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Diamond stone questions

Sun Aug 12, 2012 5:59 pm

Hello!
I have some questions:

1) what grit of diamond stone is better for flattering shapton glass stones 1000 and 4000 grit ?
2) what is the difference between http://www.chefknivestogo.com/dmtextrafine.html and http://www.chefknivestogo.com/atoma1200pad.html ?

Thanks!

Re: Diamond stone questions

Sun Aug 12, 2012 6:04 pm

Hi,

I almost always use a 140 grit diamond plate on all my stones. We have several. In price and quality order we offer:

This one is $25 and is fine for flattening. One of our top selling items on the site currently: http://www.chefknivestogo.com/140grdistflp.html

The DMT is better, longer lasting and a little flatter but almost tripple the price: http://www.chefknivestogo.com/dmtextracoarse.html

The Atoma is nice and very consistant and dead flat. It uses a mesh instead of diamonds bonded onto the plate and I like it except it's the most expensive at about 4-5 times the price of the first one:
http://www.chefknivestogo.com/at14dipl.html

Re: Diamond stone questions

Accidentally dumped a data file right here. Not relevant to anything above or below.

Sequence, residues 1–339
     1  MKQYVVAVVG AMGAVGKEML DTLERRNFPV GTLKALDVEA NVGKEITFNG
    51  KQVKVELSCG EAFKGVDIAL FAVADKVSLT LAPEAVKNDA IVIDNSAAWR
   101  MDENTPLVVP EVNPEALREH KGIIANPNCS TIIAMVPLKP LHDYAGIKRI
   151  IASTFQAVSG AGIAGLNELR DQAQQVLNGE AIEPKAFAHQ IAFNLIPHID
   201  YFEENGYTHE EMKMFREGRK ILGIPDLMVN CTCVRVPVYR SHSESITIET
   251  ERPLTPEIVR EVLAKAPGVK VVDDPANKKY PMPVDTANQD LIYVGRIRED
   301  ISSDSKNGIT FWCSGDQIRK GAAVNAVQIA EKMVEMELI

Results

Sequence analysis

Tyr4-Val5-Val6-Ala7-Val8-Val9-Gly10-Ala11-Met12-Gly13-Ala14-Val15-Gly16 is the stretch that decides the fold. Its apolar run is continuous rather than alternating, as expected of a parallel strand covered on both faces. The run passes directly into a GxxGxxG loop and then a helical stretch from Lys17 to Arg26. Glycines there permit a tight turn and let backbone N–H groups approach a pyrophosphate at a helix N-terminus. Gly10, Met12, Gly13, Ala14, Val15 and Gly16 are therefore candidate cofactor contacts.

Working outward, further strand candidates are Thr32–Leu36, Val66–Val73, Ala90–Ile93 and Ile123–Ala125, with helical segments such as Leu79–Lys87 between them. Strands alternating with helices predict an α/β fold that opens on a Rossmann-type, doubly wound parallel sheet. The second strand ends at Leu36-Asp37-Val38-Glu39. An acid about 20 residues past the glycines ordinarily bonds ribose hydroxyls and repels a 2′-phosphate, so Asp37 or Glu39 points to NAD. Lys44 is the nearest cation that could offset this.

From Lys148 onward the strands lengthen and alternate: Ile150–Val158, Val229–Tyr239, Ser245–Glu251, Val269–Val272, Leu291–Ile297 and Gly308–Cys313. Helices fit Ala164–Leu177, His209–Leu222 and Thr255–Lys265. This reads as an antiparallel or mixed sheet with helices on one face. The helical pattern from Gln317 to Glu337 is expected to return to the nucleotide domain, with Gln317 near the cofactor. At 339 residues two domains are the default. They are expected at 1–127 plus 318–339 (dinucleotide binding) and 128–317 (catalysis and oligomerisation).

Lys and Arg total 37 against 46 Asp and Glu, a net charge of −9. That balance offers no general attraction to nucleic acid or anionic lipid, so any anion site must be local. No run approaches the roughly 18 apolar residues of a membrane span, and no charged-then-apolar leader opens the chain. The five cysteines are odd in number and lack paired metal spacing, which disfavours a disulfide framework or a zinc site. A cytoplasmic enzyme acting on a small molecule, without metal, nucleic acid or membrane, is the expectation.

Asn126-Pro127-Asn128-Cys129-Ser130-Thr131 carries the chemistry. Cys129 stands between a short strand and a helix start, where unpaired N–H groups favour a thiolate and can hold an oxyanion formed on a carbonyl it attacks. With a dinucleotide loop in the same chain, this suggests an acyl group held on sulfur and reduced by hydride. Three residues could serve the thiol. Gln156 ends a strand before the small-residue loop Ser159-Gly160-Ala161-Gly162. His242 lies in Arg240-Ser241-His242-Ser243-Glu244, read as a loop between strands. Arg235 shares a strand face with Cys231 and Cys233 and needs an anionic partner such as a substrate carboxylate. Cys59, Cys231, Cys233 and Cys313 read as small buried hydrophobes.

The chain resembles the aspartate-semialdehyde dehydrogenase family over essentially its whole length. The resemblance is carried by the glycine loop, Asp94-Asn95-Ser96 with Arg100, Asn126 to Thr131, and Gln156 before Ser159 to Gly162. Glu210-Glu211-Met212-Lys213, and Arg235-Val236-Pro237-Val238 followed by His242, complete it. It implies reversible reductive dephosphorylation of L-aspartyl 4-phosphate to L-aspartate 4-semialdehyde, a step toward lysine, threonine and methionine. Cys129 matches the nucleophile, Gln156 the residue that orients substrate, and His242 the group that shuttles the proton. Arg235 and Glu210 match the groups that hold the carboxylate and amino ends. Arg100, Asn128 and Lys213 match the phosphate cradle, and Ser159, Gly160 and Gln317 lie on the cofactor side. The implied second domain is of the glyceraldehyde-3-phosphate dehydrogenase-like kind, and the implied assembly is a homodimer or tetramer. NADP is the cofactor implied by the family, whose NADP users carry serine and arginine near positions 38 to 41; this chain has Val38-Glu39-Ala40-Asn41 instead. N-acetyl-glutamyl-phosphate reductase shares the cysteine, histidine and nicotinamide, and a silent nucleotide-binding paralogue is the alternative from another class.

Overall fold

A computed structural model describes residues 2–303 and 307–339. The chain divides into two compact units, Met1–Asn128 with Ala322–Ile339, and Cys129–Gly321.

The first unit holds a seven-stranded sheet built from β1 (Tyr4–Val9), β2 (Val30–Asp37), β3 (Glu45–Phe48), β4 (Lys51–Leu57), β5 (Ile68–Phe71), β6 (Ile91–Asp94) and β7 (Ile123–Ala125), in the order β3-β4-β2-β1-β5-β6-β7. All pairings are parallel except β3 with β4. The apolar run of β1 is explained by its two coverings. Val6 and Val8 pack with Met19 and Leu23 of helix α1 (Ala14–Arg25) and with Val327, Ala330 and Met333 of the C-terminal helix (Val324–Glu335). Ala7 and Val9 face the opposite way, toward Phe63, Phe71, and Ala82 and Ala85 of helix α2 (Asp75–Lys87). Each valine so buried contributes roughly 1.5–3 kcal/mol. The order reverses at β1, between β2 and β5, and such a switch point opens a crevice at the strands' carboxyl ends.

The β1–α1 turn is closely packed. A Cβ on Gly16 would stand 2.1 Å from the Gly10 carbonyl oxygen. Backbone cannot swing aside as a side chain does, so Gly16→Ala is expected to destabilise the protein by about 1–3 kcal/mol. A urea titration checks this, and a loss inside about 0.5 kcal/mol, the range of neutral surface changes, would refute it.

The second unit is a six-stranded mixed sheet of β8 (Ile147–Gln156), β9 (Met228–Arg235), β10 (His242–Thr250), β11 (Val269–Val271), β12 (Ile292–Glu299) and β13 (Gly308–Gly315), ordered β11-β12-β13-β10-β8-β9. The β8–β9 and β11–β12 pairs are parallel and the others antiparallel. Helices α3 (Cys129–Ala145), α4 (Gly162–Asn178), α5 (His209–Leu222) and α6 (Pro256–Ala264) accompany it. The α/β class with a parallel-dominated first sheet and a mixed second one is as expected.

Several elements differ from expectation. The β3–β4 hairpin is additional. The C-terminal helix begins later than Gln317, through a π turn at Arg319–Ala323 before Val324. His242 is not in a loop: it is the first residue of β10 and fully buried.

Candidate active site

Sun Aug 12, 2012 6:32 pm

My favorite for this is the Atoma 400. Why? Well Shapton's flattening plates or diamond lapping plates are ~ 325 grit and not recommended for Shapton stones below 1k grit and even more stringently restricted for non Shapton stones. So the plates in this range are the Atoma 400 and the DMT coarse. Of these two, the Atoma 400 doesn't have a stiction problem. Also the texture is smoother from the 400 than the 140 grit choices.

Now this recommendation is based on you not letting your Glassstones get grossly out of being flat and just requiring maintenance level flattening. Your stones will last longer without taking them to the XXC or 140. If you let your stones dish, then a 140 Atoma is what you need.

The comparison between the 1200 Atoma and the 1200 grit DMT is a similar issue except that with this even finer grit, the stiction issues become EVEN more extreme. I have actually had stones stick so tightly to a lapping plate that they cracked in the process of pulling them apart. The 1200 Atoma is a clear winner for doing things like shaping fingerstones for sword and knife polishing, but that's yet another topic.

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Ken
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